Palo Alto, CA--July 23, 1996-- Hewlett-Packard Co. (Palo Alto, CA) announced that its SDH-transmission test equipment is being used to help build an undersea lightwave-communications system. The fiber-optic link around the globe (also known as FLAG) is initially expected to span 16,950 miles between Great Britain and Japan. The $1.5 billion project consists of installing eight sections of fiber-optic cable running through the Mediterranean and Red seas, and through the Atlantic, Indian, and Pacific oceans. HP sold more than 50 of its synchronous digital hierarchy test sets to help AT&T Submarine Systems install and maintain the undersea cable -- sometimes referred to as "a glass necklace" because of the way the fiber-optic cable is strung around the globe. The instruments provided include the HP 37717B SDH and jitter tester, and the HP 37714A SDH test set.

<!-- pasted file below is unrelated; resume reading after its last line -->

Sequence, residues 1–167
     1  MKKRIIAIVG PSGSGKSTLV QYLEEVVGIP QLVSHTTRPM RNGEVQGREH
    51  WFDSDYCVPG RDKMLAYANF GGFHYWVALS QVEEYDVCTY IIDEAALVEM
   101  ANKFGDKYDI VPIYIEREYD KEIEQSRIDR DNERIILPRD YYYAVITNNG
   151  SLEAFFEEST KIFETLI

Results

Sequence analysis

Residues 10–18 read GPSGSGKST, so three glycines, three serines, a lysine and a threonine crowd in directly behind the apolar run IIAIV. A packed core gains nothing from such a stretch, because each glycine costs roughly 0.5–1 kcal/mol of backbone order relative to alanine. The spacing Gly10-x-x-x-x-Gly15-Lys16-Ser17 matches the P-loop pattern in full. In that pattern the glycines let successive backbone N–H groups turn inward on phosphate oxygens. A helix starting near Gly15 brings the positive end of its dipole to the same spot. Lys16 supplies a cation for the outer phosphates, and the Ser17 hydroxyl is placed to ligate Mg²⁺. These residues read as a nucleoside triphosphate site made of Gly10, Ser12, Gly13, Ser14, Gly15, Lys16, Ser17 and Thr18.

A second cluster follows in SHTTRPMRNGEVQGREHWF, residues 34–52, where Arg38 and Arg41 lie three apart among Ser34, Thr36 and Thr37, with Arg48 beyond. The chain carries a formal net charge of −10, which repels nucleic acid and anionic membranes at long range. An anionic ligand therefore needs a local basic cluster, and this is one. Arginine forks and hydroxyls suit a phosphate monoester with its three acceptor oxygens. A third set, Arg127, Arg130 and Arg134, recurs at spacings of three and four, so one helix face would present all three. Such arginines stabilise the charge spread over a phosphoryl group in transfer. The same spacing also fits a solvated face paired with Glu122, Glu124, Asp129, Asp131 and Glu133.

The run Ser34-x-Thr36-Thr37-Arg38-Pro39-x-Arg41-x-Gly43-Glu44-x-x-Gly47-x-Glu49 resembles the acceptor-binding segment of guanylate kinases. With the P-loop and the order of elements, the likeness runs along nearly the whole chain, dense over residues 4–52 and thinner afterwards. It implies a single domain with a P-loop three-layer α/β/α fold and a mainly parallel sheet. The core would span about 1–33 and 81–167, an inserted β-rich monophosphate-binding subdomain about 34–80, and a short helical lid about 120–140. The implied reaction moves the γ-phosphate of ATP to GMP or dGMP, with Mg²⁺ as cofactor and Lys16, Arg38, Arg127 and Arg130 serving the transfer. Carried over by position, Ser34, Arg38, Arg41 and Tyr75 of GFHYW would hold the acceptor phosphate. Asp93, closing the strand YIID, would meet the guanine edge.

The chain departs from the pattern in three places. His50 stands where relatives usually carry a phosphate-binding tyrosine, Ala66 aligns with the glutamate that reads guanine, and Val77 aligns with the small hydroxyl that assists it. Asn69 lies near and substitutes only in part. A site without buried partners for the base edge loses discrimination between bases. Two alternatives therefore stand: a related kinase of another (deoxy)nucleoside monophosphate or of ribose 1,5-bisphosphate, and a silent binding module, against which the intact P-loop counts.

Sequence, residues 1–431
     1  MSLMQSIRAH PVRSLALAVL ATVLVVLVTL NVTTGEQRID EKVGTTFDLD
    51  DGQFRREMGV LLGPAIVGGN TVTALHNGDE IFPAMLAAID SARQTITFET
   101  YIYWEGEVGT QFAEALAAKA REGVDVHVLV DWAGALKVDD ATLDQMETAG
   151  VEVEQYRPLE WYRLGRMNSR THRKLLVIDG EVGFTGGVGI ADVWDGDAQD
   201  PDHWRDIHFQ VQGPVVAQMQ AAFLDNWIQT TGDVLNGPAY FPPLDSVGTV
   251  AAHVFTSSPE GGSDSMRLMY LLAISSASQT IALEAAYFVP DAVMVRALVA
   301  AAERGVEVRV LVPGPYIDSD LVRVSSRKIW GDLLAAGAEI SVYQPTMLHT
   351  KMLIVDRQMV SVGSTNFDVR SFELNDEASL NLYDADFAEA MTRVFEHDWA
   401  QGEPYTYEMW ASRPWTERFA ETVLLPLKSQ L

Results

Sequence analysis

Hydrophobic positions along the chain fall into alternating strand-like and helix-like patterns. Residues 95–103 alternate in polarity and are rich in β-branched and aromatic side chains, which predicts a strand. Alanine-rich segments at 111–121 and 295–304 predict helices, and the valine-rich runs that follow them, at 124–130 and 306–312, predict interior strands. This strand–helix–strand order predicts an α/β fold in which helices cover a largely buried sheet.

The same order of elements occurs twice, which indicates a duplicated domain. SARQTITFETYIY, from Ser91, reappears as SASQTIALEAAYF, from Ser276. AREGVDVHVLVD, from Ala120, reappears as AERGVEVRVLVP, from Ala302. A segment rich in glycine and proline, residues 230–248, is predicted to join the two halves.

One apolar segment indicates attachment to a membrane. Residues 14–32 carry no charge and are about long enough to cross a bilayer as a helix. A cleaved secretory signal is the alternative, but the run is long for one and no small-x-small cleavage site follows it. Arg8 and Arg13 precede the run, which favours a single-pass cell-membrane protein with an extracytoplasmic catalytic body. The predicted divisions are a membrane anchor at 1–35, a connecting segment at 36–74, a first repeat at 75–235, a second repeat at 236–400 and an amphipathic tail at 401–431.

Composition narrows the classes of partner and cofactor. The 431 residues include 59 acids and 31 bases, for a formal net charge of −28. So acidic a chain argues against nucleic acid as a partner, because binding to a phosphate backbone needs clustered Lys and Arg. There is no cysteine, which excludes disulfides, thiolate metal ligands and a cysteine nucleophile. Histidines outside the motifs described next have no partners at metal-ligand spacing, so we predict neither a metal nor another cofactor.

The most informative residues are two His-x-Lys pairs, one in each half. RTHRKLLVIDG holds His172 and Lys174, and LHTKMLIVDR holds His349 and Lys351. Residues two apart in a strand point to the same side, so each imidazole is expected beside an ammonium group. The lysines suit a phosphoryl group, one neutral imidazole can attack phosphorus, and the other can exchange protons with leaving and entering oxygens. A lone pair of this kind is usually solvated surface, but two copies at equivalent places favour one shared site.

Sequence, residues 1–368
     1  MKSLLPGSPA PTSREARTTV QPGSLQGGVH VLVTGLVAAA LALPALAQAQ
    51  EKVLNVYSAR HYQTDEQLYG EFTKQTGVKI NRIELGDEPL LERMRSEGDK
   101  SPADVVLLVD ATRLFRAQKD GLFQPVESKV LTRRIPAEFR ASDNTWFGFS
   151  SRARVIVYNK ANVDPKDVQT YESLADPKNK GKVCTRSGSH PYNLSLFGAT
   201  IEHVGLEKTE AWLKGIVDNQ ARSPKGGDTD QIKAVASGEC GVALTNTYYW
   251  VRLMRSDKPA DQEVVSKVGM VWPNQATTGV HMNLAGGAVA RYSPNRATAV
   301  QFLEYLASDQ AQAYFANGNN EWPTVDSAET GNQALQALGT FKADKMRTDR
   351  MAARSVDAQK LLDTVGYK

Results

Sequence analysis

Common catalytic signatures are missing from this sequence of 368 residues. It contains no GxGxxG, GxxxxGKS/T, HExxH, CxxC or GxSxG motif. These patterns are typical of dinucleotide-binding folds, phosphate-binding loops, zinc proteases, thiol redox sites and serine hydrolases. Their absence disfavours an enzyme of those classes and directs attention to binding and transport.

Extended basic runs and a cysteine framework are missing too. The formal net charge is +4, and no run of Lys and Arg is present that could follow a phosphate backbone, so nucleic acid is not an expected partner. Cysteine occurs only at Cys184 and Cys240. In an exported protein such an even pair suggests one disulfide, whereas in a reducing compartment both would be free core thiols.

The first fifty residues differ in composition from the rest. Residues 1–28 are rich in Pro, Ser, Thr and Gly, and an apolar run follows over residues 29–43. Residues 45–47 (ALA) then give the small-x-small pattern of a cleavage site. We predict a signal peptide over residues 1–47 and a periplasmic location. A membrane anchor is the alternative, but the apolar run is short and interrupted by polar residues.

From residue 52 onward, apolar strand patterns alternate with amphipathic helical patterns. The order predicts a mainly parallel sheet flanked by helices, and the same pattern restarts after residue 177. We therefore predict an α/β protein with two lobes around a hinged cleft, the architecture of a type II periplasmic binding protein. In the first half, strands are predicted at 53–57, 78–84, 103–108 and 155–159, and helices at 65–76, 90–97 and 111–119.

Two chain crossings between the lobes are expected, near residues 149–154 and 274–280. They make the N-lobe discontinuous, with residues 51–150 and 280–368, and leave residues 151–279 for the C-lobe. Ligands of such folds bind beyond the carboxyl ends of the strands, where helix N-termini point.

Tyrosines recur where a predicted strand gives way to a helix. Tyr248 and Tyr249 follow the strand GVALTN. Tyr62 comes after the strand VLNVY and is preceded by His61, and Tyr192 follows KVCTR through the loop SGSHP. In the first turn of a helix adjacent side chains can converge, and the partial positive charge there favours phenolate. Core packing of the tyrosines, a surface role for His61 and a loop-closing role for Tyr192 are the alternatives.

David Patterson, known for his pioneering research that led to RAID, clusters and more, is part of a team at UC Berkeley that recently made its RISC-V processor architecture an open source hardware offering. We talk with Patterson and one of his colleagues behind the effort about the opportunities they see, what new kinds of designs they hope to enable and what it means for today’s commercial processor giants such as Intel, ARM and Imagination Technologies.